Bcl-xL Is a Potential New Therapeutic Target for PAH, Researchers Say

Bcl-xL Is a Potential New Therapeutic Target for PAH, Researchers Say

Mutations in the BMPR2 gene alter the ratio of pro- and anti-death signals in cells lining the blood vessels, promoting cells destined to die to escape, which in turn culminates in a build-up of cells in blood vessels and their subsequent blockage, leading to pulmonary arterial hypertension (PAH).

The factor mediating this resistance to cell death, called Bcl-xL, is thus a potential therapeutic target for PAH, researchers suggest.

The study reporting the findings, titled “BMPRII deficiency impairs apoptosis via the BMPRII-ALK1-BclX-mediated pathway in pulmonary arterial hypertension (PAH),” was published in the journal Human Molecular Genetics.

“PAH remains a challenging condition to manage, and the findings reported in the present work offer additional insights as to both the process of development of PAH and ways of monitoring the progression of the disease,” Richard Trembath, MD, Kings College London, U.K., and a study author, said in a press release.

Researchers at the University of Bradford, U.K. previously showed that loss-of-function mutations in the BMPR2 (bone morphogenetic protein type II receptor) gene are present in more than 80% of cases of familial and heritable PAH. Mutations are also found in around 40% of isolated PAH cases.

The faulty BMPR2 gene, researchers found, contributes to two steps of PAH development – uncontrolled proliferation of cells lining the arteries supplying blood to the lungs, and the resistance of damaged cells to undergo apoptosis (cell death), culminating in the blockage of blood vessels with these cells.

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In 2012, researchers showed how BMPR2 drives the excessive proliferation of pulmonary arterial smooth muscle cells (PASMCs). Now, researchers investigated the mechanism behind how a faulty BMPR2 enhances the cells’ resistance to apoptosis in PAH.

“We wanted to find out why the cells are not dying, but instead were building up inside the wall of the pulmonary arteries. To do this, we needed to identify and investigate the proteins that are influenced by this gene,” said Talat Nasim, MD, of the Bradford’s School of Pharmacy and Medical Sciences, and the study’s lead author.

The Bcl-x gene is a key regulator of apoptosis, and can generate a pro-apoptotic (Bcl-xS) and anti-apoptotic (Bcl-xL) protein, meaning one that promotes or prevents cell death.

Researchers first saw that patients with PAH carried high levels of the anti-apoptotic Bcl-xL transcript (the molecule that gives rise to proteins), while the pro-apoptotic Bcl-xS was reduced. This occurred in patients with and without mutations in the BMPR-II gene.

Then the team used a non-genetic PAH experimental model, the hypoxia-induced rat model of PAH, and confirmed that the animals had reduced levels of BMPR2 gene and higher levels of the anti-apoptotic Bcl-xL.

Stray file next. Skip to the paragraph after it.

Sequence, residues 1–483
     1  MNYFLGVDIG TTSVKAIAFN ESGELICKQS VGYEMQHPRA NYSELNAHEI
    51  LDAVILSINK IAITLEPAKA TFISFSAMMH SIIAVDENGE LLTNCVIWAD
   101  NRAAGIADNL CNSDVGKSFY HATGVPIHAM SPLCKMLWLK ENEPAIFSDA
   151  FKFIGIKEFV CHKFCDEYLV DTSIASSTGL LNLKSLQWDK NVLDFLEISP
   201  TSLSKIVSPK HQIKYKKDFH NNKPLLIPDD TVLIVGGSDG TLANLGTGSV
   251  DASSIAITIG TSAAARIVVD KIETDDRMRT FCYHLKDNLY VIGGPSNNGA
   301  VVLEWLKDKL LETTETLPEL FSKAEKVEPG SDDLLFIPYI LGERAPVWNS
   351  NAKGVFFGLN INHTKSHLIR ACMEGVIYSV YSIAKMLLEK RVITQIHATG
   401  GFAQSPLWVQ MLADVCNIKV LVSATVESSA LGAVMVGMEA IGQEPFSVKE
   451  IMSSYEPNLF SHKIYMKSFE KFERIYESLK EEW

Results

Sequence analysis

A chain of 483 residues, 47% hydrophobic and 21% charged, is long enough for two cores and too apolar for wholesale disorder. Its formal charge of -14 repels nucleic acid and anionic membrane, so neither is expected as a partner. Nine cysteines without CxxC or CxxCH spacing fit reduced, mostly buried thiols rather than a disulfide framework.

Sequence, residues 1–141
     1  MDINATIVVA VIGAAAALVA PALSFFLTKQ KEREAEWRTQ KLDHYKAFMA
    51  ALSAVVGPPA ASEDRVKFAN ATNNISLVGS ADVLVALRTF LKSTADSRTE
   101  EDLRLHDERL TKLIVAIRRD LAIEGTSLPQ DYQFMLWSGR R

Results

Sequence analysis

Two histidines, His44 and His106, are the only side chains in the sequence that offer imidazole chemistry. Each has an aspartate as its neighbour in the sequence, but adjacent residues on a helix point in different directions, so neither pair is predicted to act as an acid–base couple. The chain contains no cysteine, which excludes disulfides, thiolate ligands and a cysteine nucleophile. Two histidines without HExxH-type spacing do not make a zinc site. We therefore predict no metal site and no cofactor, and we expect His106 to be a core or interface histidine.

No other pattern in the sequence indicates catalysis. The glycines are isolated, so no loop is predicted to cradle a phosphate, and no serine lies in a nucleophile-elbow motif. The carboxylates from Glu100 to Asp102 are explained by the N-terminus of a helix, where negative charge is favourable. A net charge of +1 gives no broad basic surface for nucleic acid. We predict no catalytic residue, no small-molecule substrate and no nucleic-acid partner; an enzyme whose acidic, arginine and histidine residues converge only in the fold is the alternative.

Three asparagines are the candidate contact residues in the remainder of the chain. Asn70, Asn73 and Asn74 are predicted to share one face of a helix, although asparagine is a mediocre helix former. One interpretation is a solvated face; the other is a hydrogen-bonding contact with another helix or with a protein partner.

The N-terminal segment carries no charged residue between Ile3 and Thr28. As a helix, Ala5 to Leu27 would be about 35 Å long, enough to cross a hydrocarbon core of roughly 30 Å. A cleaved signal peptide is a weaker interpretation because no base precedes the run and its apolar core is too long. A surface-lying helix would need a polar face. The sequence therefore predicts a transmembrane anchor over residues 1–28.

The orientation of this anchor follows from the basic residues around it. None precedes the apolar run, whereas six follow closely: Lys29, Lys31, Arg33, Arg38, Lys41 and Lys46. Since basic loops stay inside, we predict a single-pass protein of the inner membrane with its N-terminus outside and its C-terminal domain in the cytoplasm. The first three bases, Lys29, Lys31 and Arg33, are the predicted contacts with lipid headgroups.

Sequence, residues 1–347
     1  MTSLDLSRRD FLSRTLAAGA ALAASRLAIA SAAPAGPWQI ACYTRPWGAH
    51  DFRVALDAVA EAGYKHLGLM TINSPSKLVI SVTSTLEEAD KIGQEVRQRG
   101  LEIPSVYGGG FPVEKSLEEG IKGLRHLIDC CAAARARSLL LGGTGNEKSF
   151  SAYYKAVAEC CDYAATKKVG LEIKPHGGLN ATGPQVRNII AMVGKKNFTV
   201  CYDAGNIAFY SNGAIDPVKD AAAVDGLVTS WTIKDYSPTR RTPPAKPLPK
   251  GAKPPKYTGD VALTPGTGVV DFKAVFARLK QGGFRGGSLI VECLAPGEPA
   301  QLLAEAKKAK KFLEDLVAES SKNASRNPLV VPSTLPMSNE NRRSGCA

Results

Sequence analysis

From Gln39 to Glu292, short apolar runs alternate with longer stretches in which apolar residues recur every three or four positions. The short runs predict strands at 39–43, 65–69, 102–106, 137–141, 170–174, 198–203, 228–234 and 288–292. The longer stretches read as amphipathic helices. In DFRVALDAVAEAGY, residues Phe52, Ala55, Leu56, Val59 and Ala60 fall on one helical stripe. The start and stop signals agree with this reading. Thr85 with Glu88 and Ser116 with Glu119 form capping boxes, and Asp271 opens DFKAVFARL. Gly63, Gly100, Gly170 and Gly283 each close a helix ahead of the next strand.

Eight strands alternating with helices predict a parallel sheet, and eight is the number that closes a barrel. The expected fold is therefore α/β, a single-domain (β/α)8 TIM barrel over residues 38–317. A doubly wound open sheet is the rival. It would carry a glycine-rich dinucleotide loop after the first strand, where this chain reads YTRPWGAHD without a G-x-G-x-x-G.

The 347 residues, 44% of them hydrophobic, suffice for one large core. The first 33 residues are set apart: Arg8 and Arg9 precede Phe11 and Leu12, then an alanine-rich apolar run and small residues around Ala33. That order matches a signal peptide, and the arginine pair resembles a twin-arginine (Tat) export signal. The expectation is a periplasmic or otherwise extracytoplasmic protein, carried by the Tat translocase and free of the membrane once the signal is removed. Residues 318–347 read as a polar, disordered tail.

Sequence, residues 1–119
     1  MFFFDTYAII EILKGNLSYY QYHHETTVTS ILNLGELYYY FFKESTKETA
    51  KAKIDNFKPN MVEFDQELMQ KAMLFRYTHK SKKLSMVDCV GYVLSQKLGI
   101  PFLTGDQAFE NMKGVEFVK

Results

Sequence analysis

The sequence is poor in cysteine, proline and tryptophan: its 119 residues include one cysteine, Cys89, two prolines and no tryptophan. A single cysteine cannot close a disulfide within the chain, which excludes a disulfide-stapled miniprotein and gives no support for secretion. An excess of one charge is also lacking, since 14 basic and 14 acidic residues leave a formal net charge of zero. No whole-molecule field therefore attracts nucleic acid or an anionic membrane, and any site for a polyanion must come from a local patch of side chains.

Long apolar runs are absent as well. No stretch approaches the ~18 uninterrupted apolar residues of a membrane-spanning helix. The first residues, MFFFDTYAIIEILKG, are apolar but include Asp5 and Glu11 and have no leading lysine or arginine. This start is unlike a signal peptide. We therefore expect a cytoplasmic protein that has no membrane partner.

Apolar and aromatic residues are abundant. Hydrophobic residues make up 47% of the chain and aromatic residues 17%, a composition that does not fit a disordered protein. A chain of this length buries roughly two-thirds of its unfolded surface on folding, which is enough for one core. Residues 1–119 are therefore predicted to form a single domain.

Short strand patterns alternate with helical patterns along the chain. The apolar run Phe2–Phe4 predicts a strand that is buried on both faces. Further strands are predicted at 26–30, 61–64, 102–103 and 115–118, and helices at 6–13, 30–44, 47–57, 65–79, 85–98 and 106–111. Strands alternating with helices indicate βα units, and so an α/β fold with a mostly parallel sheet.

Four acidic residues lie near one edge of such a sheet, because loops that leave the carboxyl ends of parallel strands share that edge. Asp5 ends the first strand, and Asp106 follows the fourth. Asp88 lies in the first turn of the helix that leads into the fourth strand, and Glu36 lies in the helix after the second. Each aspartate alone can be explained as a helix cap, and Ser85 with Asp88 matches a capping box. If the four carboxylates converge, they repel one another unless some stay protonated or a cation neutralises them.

Also, PAH-PASMCs harboring a disease-linked BMPR2 mutation had higher levels of anti-apoptotic Bcl-xL, suggesting BMPR2 dysfunction might potentiate resistance to apoptosis.

Overall, the results suggested that measuring the ratio of Bcl-xL and Bcl-xS can help identify early stages of PAH. Moreover, Bcl-xL is a potential novel therapeutic target against PAH.

“This protein can be used as a biomarker for accurately identifying PAH in patients,” Nasim said. “This could help us diagnose PAH at an earlier stage, possibly leading to better treatment options for patients. We can also make other services available, such as genetic counseling, to help patients understand the disease and to identify those at risk of developing it.”

Nick Morrell, MD, from the University of Cambridge, and a study author, said: “This exciting work adds significantly to our understanding of how inherited forms of PAH are caused, and potentially offers a new way to diagnose the disease early. Early diagnosis and early treatment mean better outcomes for our patients.”

Nasim’s team has filed a patent for the biomarker, and is investigating its potential as a therapeutic target.

Patricia holds her Ph.D. in Cell Biology from University Nova de Lisboa, and has served as an author on several research projects and fellowships, as well as major grant applications for European Agencies. She also served as a PhD student research assistant in the Laboratory of Doctor David A. Fidock, Department of Microbiology & Immunology, Columbia University, New York.
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Patricia holds her Ph.D. in Cell Biology from University Nova de Lisboa, and has served as an author on several research projects and fellowships, as well as major grant applications for European Agencies. She also served as a PhD student research assistant in the Laboratory of Doctor David A. Fidock, Department of Microbiology & Immunology, Columbia University, New York.
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